Sunday, August 26, 2012

Dog Days of Summer

   As a hurricane nears ours shores and a faint, cool breeze blows the remnants of summer away, the Fall football season is upon us and with that comes football games, cheerleaders, and a strong need for a professional organizer and a personal dry cleaner armed with a "Tide To Go" stick.  Let me explain...
   My daughter is one of those cheerleaders and great effort has gone into preparations for our Fall kick off event known as "Dog Days" where kids are given their first opportunity to take to the football field and show the world their skills.   After selling hundreds of dollars worth of ads and bulldog magnets, securing just the right outfits with matching bows, t-shirts and rain gear, and paying for private lessons with Cirque du Soleil to perfect a tumbling pass on the sidelines, we were ready for Dog Days and all the joy that comes with it.    

   The afternoon of the event, my child was missing in action as she and her father were tooling around town running errands, sipping on snow cones and enjoying their afternoon without a care in the world.  They are much alike and operate in their own timezone, not shared with any other people that I know. Like a crazy woman, I tracked them down and redirected them back to our house so we could get ready and go.  In minutes, she was dressed, packed and out the door.

   As we arrived at the field, my daughter hopped out of the car with great excitement.  Before I could exit the vehicle, she had rounded the hood and was coming at me like a freight train with that look on her face of complete panic.  I've seen this look many times before and knew that it meant we had either forgotten something vitally important, I had just run over a kitten, or that I was about to be introduced to    some type of problem that would require precision time management skills and a race to some store twenty miles away. 

   This time, it was simply a bow we had forgotten, and I raced home to retrieve the black and silver hair accessory that went with her crisp, white uniform.  I had five minutes to drive ten miles and decided it would be wise to entertain moving closer to the school and save myself a nervous breakdown sure to be drawn out slowly over the next five years of school.     

   Back at the stadium again, the girls in white, ran off to practice and we took our places in the stands armed with a variety of cameras, zoom lenses and mobile upload devices.   It was sweltering hot as it had been all summer and the occasional hint of a breeze was a welcome relief. We had been in drought conditions for the past three months and I would like to state that the odds of locating a puddle of mud were a million to one, unless you were my child and you were dressed in a bright white, shiny uniform with matching bow.  It didn't take long before I spied her coming at me, once again, like a steaming freight train, seeking me out in the midst of a crowd, wearing that same look of panic.  I took a deep breath and waited to see what impossible task was about to be thrown at me in hopes of a quick resolution.  I heard the panic in her voice and sensed a tear in her eye as she called out "Mom!"    She looked perfectly fine, so I couldn't imagine what could be wrong, until she turned around and it was clear to all that she was covered in mud from the bottom of her skirt to her neckline.  "How?" is all I could muster up.  It had been over a hundred degrees for months.  There was no water anywhere around.  And yet, somehow, she had managed to tumble right into the only mud puddle within 500 miles.  With a precision landing, her feet stuck firmly in the small body of watery goo that instantly shot mud splatters straight up the backside of her crisp, clean uniform.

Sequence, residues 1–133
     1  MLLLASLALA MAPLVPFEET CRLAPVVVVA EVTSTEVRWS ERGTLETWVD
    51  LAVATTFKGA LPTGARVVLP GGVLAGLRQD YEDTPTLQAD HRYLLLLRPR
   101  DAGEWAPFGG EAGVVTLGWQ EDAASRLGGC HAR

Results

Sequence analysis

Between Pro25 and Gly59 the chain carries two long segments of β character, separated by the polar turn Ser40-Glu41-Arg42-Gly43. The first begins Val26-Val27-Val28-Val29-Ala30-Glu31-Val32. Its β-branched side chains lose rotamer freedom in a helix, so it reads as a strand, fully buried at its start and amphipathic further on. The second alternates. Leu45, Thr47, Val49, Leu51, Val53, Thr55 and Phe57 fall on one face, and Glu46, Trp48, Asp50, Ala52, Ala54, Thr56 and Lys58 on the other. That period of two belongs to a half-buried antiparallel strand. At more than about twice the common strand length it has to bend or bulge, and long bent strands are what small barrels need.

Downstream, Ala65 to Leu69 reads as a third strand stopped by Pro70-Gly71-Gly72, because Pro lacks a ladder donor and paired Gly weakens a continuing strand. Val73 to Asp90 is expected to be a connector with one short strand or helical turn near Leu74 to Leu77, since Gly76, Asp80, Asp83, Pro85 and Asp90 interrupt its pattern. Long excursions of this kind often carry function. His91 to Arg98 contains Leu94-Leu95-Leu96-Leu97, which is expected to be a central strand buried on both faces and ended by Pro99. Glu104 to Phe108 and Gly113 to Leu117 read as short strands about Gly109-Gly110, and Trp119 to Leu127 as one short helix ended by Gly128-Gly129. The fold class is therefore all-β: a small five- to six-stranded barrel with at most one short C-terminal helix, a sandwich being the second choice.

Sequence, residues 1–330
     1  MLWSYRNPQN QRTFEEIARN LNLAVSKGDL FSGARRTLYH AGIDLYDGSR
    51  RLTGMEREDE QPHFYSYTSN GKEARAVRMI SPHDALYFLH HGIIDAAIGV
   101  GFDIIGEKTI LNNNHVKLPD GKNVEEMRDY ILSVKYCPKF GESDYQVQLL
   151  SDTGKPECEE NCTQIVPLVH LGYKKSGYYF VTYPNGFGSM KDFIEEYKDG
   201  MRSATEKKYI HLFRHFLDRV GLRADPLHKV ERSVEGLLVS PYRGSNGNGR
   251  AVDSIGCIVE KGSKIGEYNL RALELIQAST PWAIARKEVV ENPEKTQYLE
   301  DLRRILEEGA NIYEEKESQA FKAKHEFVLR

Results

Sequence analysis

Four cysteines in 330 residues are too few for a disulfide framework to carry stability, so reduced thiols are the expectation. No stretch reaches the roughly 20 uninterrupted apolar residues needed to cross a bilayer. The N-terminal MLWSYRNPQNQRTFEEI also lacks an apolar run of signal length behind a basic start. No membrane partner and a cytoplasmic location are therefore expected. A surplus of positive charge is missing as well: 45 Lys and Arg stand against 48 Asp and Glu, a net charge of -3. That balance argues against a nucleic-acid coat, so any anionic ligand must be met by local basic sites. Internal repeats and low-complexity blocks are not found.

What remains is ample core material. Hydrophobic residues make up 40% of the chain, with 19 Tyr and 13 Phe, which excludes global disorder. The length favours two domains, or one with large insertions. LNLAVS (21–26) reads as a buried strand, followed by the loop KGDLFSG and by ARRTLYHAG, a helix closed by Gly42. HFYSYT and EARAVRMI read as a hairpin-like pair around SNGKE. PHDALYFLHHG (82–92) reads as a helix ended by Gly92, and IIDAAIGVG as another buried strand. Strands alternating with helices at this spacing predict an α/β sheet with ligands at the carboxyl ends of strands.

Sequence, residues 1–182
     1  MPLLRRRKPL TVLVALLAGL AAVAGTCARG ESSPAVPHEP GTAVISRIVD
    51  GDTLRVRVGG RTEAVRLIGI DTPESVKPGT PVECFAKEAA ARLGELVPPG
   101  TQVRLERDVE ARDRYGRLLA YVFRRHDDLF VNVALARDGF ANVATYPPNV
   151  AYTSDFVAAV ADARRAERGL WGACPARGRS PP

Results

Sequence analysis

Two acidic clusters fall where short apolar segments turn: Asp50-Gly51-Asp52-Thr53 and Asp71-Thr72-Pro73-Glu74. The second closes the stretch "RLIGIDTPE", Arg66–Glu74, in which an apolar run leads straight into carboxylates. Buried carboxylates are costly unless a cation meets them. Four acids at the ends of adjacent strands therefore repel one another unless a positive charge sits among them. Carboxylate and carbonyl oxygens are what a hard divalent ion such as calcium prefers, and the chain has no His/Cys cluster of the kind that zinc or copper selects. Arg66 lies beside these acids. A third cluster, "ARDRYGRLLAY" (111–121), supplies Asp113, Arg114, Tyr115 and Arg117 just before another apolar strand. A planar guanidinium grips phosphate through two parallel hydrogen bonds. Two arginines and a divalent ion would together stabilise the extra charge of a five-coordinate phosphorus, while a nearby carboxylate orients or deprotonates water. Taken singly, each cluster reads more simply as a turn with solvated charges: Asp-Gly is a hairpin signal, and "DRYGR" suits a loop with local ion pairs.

With no time to race home, I pulled her into the nearest restroom, stripped her of her muddy white uniform, hand-washed it in the sink, beat it against my own jeans to try to dry it as much as I could and sent her back out on the field.  No one would know that her uniform was soaking wet. Unfortunately, the same could not be said for me, as I took my place back in the stands looking like I had been hosed down from my waist to my knees.   Eventually, Dog Days began and as the band marched around the field and the teams took their places, I looked out and saw both of my children, all of their friends and a sea of proud parents, none of whom would be focused on my child's wet uniform.  I settled back and settled down and enjoyed the show!

   Before the first game is upon us, I know that we must come up with a better plan that places both of us in the same timezone with a pre-flight checklist we should review before leaving the house.  I cannot continue to race against traffic or take over public restrooms without prematurely aging and knocking off years of my life.  It's time to truly get in the game.


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